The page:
This is a WinNT/2000 question about memory usage as indicated under SYSTEM icon (Win Task Mgr/Performance) in the...
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I work with two machines. One is client to the other (server). The server is strictly a back-end database server (WinNT Workstation-S.P. 6; Oracle7 7.2). The client is either WinNT/S.P. 6 or Win2000. The client has much more horsepower at 511 M bytes RAM/1800MHz. The server has 128 M bytes RAM/600MHz. The client is on one subnet; the server on another.
The client runs a Delphi application that links to the Oracle7 RDBMS back-end. The database is distributed across the C and D drives and is installed on C. (I realize Oracle7 7.2 is ancient history but that is a temporary constraint I have to work under.)
(1) The 128 M bytes is enough to install Oracle7 but, without knowing the app, do you feel it is not near enough to run the app? There is one function in the app that either does not complete (possibly too much memory use/mem sorting) or completes in less than 45 minutes. On an Oracle7 7.3/UNIX deployment the same function always completes in about 40 minutes. The database instance SGA fits in memory with much room to spare. The virtual memory has a reasonable setting -- was 500 M bytes but I decreased it. There is ample free disk space on C and D. I defragmented both C and D.
(2) Can you explain why memory usage (Control Panel/SYSTEM/Task Mgr/Performance) on the server machine never gets below 45K, even after I stop services to bare minimum (even shutdown all databases and TNS Listener Service)? When one database is up and running, memory usage jumps to around 80-100 M bytes and sometimes hovers just under the 128 M bytes max. On the client machine quiescent memory usage is much, much less at say 10,000 or less.
(3) Why does back-end seem to want to occupy so much memory when just basic processes are running and Windows services are started?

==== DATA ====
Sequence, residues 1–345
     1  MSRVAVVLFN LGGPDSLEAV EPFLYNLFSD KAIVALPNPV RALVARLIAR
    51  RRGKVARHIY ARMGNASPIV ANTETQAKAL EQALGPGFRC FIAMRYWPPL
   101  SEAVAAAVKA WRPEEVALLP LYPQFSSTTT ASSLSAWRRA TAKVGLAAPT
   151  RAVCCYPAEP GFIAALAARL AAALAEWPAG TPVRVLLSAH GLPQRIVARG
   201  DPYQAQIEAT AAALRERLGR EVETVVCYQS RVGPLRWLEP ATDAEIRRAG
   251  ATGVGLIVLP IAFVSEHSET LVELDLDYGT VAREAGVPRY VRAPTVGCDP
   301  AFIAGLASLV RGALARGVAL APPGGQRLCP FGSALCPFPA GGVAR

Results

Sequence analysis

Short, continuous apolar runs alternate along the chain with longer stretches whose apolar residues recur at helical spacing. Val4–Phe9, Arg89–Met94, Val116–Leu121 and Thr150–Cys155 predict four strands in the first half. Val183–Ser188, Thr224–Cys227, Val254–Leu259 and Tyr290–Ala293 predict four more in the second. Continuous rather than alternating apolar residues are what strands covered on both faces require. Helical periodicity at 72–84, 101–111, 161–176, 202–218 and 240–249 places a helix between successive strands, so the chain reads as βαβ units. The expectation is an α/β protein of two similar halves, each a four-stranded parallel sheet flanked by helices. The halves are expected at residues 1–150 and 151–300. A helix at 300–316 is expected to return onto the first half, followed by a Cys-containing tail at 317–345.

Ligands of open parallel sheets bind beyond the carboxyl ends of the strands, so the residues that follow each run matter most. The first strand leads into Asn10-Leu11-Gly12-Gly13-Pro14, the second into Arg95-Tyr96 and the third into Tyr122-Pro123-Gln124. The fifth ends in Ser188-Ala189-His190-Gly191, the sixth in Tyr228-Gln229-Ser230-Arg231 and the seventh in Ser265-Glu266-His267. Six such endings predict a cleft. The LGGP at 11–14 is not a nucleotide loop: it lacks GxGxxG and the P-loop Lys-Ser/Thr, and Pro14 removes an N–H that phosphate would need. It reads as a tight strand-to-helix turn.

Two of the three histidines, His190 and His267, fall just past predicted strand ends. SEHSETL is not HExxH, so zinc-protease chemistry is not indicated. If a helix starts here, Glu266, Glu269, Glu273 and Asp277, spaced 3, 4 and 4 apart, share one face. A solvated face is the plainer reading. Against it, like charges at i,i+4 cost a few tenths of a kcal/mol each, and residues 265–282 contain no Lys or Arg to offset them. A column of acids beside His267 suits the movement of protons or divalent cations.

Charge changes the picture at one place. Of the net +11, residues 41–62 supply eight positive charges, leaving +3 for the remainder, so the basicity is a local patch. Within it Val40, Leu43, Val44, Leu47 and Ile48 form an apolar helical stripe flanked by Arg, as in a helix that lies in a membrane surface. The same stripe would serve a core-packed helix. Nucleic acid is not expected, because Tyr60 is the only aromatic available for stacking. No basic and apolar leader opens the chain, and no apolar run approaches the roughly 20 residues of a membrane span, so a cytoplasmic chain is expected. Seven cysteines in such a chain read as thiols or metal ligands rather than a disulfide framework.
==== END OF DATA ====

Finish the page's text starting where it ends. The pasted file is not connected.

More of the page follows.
(4) Do you recommend more memory on the database back-end? Any idea for a minimum recommendation with detail provided to you?
Many people are confused about the way memory is allocated on back-end machines as opposed to client machines. The explanations usually revolve around several key facts:
Windows 2000 Server, and many server-level applications, stake out a great deal of RAM for internal processes, much more so than client systems do. IIS 5.0, for instance, is set by default to use half the system's physical RAM as a cache for Web operations. Many people don't know this, and wonder why IIS is being such a memory hog; they don't know that the memory allocation settings for IIS can be tuned manually. Many other applications, including Oracle, do this, and can also have their memory usages tuned through the use of internal settings. How to do this is fairly complicated and varies from program to program, so you would need to contact a guru for the app you're using to do that tuning.
128 M bytes is enough to run Win2K by itself, but probably not nearly enough to run Oracle as well. Databases are very memory-intensive programs; I would recommend having at least 256 M bytes to run Oracle, or more if you're producing extremely complex queries. Many people who move from a desktop database solution to something like Oracle are startled at how much more memory Oracle needs, but Oracle is designed to work with millions of records at once.
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